Yes, Kissinger’s record is marked by nasty tactical miscalculations—mistakes that have spawned whole libraries of books. But the notion that the Nixon administration might have withdrawn more than 500,000 American troops from Vietnam within a few months in 1969 is problematic, especially when one considers the complexities that smaller and more gradual withdrawals in Bosnia, Iraq, and Afghanistan later imposed on military planners. (And that’s leaving aside the diplomatic and strategic fallout beyond Southeast Asia that America’s sudden and complete betrayal of a longtime ally would have generated.)

Despite the North Vietnamese invasion of eastern Cambodia in 1970, the U.S. Congress substantially cut aid between 1971 and 1974 to the Lon Nol regime, which had replaced Prince Sihanouk’s, and also barred the U.S. Air Force from helping Lon Nol fight against the Khmer Rouge. Future historians will consider those actions more instrumental in the 1975 Khmer Rouge takeover of Cambodia than Nixon’s bombing of sparsely populated regions of Cambodia six years earlier.

When Saigon fell to the Communists, in April of 1975, it was after a heavily Democratic Congress drastically cut aid to the South Vietnamese. The regime might not have survived even if Congress had not cut aid so severely. But that cutoff, one should recall, was not merely a statement about South Vietnam’s hopelessness; it was a consequence of Watergate, in which Nixon eviscerated his own influence in the capital, and seriously undermined Gerald Ford’s incoming administration. Kissinger’s own words in Ending the Vietnam War deserve to echo through the ages:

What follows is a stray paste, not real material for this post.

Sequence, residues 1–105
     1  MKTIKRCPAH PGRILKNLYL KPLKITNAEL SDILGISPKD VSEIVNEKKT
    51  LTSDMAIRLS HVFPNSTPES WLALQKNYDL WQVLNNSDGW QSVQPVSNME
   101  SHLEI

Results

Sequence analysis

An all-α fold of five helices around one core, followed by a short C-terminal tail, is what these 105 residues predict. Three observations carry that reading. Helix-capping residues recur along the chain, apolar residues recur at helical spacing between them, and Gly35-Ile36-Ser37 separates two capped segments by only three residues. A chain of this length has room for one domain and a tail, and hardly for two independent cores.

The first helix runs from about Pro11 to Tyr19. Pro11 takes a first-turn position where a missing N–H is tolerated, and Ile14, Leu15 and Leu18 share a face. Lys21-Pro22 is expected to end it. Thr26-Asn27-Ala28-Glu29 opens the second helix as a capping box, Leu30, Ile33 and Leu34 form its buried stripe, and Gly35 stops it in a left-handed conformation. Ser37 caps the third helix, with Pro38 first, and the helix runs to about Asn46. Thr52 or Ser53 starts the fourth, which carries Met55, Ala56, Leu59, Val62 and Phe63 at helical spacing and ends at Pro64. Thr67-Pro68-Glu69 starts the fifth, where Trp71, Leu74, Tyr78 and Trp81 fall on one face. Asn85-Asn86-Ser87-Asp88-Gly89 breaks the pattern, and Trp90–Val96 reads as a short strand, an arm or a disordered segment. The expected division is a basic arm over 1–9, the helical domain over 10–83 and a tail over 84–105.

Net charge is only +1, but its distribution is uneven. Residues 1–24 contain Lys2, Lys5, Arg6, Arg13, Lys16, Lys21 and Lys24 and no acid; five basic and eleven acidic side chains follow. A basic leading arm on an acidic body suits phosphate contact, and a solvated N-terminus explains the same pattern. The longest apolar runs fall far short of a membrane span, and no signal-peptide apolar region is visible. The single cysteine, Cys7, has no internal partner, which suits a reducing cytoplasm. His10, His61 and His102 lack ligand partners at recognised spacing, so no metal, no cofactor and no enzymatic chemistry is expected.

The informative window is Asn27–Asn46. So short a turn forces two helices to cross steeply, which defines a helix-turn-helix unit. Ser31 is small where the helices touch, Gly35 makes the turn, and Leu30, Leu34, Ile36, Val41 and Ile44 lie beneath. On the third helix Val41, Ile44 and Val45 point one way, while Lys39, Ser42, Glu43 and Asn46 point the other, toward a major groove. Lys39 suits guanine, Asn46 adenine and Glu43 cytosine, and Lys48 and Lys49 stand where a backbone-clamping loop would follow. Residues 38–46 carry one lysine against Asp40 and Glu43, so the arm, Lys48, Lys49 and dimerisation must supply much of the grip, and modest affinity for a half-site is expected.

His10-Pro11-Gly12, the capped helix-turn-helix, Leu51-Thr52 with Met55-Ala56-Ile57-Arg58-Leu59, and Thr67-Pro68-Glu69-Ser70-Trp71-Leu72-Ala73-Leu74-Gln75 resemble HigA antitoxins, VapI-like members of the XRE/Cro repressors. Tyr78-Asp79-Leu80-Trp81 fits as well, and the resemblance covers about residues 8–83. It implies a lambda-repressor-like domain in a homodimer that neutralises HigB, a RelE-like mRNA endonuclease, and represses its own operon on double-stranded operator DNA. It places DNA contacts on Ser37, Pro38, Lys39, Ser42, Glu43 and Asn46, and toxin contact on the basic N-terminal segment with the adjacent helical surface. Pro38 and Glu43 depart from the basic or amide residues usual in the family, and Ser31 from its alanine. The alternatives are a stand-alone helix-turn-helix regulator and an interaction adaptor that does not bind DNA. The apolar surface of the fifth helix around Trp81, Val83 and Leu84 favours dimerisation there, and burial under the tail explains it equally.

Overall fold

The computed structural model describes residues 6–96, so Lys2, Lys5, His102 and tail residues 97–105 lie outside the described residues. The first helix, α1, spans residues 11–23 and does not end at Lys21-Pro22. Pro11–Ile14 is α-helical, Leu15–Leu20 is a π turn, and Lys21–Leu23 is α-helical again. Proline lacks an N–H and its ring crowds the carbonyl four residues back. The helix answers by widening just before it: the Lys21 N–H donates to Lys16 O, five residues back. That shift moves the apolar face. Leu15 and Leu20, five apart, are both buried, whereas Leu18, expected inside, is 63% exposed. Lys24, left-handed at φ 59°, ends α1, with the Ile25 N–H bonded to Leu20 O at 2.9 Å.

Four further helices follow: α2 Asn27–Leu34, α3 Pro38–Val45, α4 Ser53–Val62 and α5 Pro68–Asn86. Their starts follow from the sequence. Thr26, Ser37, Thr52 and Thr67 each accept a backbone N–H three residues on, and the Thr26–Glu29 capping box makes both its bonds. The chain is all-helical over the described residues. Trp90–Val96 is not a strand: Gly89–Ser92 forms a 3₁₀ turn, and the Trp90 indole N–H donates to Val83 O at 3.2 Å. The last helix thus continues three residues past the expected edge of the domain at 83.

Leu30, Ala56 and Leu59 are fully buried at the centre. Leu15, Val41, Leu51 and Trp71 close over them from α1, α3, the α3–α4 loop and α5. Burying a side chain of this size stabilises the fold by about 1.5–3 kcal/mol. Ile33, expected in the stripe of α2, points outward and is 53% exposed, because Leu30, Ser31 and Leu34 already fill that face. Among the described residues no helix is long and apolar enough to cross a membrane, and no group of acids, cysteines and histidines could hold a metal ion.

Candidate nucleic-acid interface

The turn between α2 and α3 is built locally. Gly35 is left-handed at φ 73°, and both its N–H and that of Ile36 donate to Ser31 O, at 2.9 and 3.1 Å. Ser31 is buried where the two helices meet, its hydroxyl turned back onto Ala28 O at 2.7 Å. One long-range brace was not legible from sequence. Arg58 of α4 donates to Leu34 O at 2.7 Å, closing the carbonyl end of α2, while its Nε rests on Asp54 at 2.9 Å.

None of us could imagine that a collapse of presidential authority would follow the expected sweeping electoral victory [of Nixon in 1972]. We were convinced that we were working on an agreement that could be sustained by our South Vietnamese allies with American help against an all-­out invasion. Protesters could speak of Vietnam in terms of the excesses of an aberrant society, but when my colleagues and I thought of Vietnam, it was in terms of dedicated men and women—soldiers and Foreign Service officers—who had struggled and suffered there and of our Vietnamese associates now condemned to face an uncertain but surely painful fate. These Americans had honestly believed that they were defending the cause of freedom against a brutal enemy in treacherous jungles and distant rice paddies. Vilified by the media, assailed in Congress, and ridiculed by the protest movement, they had sustained America’s idealistic tradition, risking their lives and expending their youth on a struggle that American leadership groups had initiated, then abandoned, and finally disdained.

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Robert D. Kaplan is the author of Asia’s Cauldron: The South China Sea and the End of a Stable Pacific. He is the chief geopolitical analyst for Stratfor, and a national correspondent for The Atlantic.